s.penkevich Jaidee wrote: "Man oh man....this is a glorious review. I have yet to read Camus but I want too so much more now that I have read your review. Thanks so much!!"

Wow, thank you so much. Hope you get a chance to check this book out, it is really something amazing. And it's quite a quick read. I highly recommend The Plauge by Camus as well. Thanks again!


Luís C. A book that I'll never throw away out of my library..


s.penkevich Luís wrote: "A book that I'll never throw away out of my library.."

This one goes on the top shelf of mine


Karen Good review, I also like the book, I just finished it. I was struck also during his trial when Meursault tried to tell the jury that the blinding sun was the reason he killed the Arab, do you remember that? He couldn't quite get the words out, and as he put it the words all ran together. Meursault was so affected by the heat and the sun and noise throughout the book, he reminded me of one who is very sensitive to a lot of stimuli happening at once, yet he was detached from others, almost like a person with aspergers, high functioning autism.


message 29: by s.penkevich (last edited Aug 10, 2015 09:08PM) (new) - rated it 5 stars

s.penkevich Karen wrote: "Good review, I also like the book, I just finished it. I was struck also during his trial when Meursault tried to tell the jury that the blinding sun was the reason he killed the Arab, do you remem..."

Thank you! That's actually a point i've been meaning to discuss somewhere because I've seen several reviews claiming Meursault as autistic. I see the rationalization but also feel it is incongruous with the character since his personality isn't so much character building as a stand-in for philosophy. Meursault is the 'everyman', and I think Camus was pointing out that he wasn't detached from people any more so than the average person, M just happened to cut through the pomp and circumstance of it all because Camus was assessing the idea that if life is meaningless and absurd, and you live by this principal, then what does any relationship actually mean or matter. He may have an aspergers like personality to a modern assessment of character, but that feels overly clinical for something that is a metaphor and also something that wasn't medically attentive at the time (I feel I should say I'm not trying to come across as argumentative, merely trying to talk it out because the thought too had crossed my mind, mostly I want to form a discussion anyone can speak up in because I fully would rather get to the bottom of it than be 'right' or 'wrong'). Granted, Hamsun wrote several characters who are certainly manic-depressive (Growth of the Soil is a perfect example), but they are addressed in outward, obvious ways whereas aspergers (i think) would have been less noticed during Camus' time. He also is quite charming, makes eye contact and easily woos women in a way that shows he has a fluid grasp on social interaction, norms, etc, plus his highly metaphoric prose style (as the novel is assumed to be written by the character) that isn't fitting for a condition where difficulties with abstract language or social cues are typically present (M is VERY good at reading people and their body language, he mostly just doesn't give a damn). The overwhelming sun being the 'cause' of killing the Arab was the overwhelming absurdity of reality, and mostly he didn't see what difference it made for someone to live or die. Not because of a disorder, but more because he 'saw the truth' that nothing matters, nothing has meaning, and everyone that prescribes meaning is lying to themselves.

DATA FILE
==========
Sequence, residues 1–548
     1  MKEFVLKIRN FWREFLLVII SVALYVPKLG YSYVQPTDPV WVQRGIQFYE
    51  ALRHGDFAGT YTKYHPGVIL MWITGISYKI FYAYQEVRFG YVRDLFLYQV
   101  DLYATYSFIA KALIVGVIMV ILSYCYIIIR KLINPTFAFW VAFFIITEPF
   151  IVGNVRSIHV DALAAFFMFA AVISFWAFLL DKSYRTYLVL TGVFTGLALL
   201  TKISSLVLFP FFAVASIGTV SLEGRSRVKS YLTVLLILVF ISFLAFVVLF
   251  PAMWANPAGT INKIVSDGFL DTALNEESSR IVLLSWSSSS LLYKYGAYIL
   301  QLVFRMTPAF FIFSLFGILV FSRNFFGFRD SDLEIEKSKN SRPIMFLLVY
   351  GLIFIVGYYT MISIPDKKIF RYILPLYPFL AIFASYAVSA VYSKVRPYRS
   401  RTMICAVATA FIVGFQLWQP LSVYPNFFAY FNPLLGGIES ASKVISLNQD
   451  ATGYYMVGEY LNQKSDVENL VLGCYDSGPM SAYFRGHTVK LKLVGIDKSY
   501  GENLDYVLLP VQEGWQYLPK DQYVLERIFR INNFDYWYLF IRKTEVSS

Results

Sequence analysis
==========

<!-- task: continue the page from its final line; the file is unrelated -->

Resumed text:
As to the stimuli, that does make a lot of sense. However, the overwhelming stimuli is a metaphor for society, religion, etc. The sun bearing down on him is the weight of absurdity, the sun often feels like a God metaphor. I see what you are saying, but it feels to me like considering an artist to have colorblindness for painting something an outrageous not-as-it-is-in-reality color instead of assuming it has a purpose to be as such. Had this been a psychological novel it would probably definitely be the intention, but I feel this is more philosophical and in a discussion of the absurd something clinical and logical wouldn't fit. I may be totally wrong, I really want to hear others input on this.


Karen Thanks for your thoughtful answer. I can't help but make a character study, it's just the way I am! I work with aspergers students in a middle school. And you are right to point out the inconsistencies regarding the disorder and Meursault. I am probably having trouble accepting the absurdity as it is.
This novel reminded me somewhat of The Trial, although Meursault was guilty, his trial had nothing much to do with the crime but instead focused on his behavior and reaction toward his mother, and his supposed lack of proper behavior concerning her death. As an athiest myself, I was sympathetic to his plight. So I am wondering if this novel can be both psychological as well as philisophical.


s.penkevich Karen wrote: "Thanks for your thoughtful answer. I can't help but make a character study, it's just the way I am! I work with aspergers students in a middle school. And you are right to point out the inconsisten..."

I think you are quite right to address it as a character analysis though, I mean, that is at the heart of deconstructionism anyways! I was meaning to ask if you did work with aspergers children or in the field of psychology. I had a teaching class once where we worked with autistic students and had to adapt our lesson plan from our earlier Curriculum class to meet their needs. My lesson plan was a poetry course, so I definitely learned a lot about handling metaphors and poetic language through that. It was one of the most rewarding courses I took.